Class 1 Misdemeanors

Class 1 misdemeanor crimes are the most severe of charges in this category. Examples of offenses under this classification are petit larceny, trespassing, assault, Schedule IV or III drug possession, domestic assault, DUI, reckless driving, and driving on a suspended license. Possible consequences of a Class 1 misdemeanor conviction include a year in jail and a fine of not more than two thousand five hundred U.S. dollars.

Class 2 Misdemeanors

Class 2 misdemeanors are less serious crimes than Class 1 ones, but they may still lead to a significant fine and incarceration. A common example of a Class 2 misdemeanor is driving without a valid operator's license (first offense). Other similar licensing crimes and obstruction offenses are also classified under Class 2 misdemeanors. Possible consequences for a Class 2 misdemeanor conviction are a fine of not more than one thousand U.S. dollars and up to six months in jail.

Class 3 Misdemeanors

Next in severity under the misdemeanor category of crimes are Class 3 misdemeanors. These crimes will not subject you to the possible loss of your freedom and are typically restricted to licensing and regulatory enforcement matters, usually involving sales, livestock, or forestry. Possible consequences for these crimes include a fine not exceeding five hundred U.S. dollars.

Class 4 Misdemeanors

Class 4 misdemeanors are the least severe of the crimes considered misdemeanors. A common example of an offense in this category is drunk in public or public intoxication, which also entails profane gestures or public swearing. Possible consequences of a conviction include zero jail time and a fine that does not exceed two hundred and fifty U.S. dollars.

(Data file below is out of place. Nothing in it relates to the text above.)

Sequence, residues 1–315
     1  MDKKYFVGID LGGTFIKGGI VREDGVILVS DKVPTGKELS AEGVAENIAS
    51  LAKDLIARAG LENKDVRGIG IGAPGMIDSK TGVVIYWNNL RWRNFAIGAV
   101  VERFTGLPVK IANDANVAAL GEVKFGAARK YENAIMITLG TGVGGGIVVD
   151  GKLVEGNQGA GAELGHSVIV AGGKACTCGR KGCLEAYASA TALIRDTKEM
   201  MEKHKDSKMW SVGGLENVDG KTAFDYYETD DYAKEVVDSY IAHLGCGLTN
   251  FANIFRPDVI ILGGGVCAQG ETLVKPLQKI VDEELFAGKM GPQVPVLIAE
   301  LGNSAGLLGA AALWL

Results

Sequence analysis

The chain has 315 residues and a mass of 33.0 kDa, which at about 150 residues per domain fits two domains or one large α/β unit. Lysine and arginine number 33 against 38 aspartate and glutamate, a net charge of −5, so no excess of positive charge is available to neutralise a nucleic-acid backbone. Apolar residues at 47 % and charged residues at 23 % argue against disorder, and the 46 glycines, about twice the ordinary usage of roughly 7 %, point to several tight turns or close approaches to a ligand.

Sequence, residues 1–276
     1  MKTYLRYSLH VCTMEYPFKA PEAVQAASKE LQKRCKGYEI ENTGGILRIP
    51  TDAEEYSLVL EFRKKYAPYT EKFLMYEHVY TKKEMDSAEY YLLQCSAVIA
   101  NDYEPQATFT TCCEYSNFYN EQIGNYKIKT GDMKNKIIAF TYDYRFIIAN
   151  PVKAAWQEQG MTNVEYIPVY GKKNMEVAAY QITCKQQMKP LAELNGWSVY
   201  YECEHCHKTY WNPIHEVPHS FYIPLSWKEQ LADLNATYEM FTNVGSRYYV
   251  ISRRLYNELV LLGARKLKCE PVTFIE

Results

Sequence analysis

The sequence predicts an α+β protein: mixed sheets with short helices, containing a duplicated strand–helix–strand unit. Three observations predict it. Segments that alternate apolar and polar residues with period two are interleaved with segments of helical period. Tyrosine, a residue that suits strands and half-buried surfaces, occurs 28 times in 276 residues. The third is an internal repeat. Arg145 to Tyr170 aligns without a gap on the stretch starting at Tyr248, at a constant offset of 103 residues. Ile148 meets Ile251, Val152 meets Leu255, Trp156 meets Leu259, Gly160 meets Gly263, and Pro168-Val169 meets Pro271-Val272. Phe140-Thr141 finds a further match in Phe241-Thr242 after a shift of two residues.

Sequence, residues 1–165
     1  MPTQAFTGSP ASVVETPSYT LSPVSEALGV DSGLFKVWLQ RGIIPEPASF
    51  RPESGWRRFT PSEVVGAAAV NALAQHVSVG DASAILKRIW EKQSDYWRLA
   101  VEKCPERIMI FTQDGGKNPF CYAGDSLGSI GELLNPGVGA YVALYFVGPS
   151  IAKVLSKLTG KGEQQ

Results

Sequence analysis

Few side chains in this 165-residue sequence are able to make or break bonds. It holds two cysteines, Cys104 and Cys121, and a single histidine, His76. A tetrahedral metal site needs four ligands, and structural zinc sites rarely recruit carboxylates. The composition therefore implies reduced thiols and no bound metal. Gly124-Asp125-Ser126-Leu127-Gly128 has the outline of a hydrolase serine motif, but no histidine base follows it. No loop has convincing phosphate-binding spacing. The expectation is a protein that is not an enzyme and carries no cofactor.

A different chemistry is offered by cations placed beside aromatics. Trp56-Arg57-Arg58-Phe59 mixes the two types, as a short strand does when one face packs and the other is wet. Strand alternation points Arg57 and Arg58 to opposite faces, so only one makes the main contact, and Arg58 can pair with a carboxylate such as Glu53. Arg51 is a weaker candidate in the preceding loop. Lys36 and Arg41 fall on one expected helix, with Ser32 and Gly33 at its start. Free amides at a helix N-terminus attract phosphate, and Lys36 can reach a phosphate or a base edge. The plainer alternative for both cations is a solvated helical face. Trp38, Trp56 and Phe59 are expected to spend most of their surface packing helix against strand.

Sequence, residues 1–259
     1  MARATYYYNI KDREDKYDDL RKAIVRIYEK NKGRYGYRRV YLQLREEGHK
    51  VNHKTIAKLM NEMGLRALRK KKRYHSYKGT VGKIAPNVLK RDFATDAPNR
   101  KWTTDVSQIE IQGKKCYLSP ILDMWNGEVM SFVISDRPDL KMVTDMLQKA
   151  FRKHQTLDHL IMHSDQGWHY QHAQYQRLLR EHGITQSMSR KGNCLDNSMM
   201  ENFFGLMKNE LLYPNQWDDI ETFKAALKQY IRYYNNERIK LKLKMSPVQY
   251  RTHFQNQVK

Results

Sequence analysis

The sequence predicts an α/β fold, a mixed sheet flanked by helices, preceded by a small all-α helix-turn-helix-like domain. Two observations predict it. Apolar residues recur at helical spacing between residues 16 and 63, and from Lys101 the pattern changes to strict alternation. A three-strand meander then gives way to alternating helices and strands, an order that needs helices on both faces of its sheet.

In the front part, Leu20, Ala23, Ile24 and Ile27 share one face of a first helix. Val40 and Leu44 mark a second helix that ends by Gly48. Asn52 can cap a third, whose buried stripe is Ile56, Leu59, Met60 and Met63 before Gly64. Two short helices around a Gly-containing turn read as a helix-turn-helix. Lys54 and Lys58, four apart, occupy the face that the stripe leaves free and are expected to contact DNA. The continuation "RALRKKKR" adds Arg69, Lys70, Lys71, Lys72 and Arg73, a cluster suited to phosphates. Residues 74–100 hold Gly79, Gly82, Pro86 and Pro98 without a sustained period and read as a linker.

Unclassified Misdemeanors

Also called Class U misdemeanors, unclassified misdemeanors have special restrictions on fines and jail time. The consequences of these offenses vary by crime, but they generally fall between those for Class 3 and Class 2 misdemeanors An example of a Class U misdemeanor is a first offense of illegal marijuana possession, carrying a maximum fine of five hundred U.S. dollars and a jail term of thirty days. On the other hand, a second offense of illegal marijuana possession is considered a Class 1 misdemeanor.

The more severe category carries the charges referred to as felonies. Felony convictions always carry a prison term exceeding 12 months and up to life in prison. In more severe cases involving massive theft or violence, the penalties include a mandatory minimum prison term. Also, a person found criminally liable for a felony must report the conviction to future employers and might not qualify for specific careers and jobs in the future. A felony conviction might also impact other rights, like gun ownership. Felony offenses are divided into six categories: Class 1, 2, 3, 4, 5, and 6.

Class 1 Felonies

Class 1 felonies are the most severe of the six classes. These crimes subject the defendant to some of the harshest criminal consequences upon conviction. Crimes that fall under the Class 1 felony category include first-degree murder and capital murder. First-degree murder carries consequences that might include a fine of a hundred thousand U.S. dollars and life in prison. If you are an adult (over eighteen years of age) and mentally competent, you may be convicted of capital murder based on case facts and be subjected to the death sentence (capital punishment).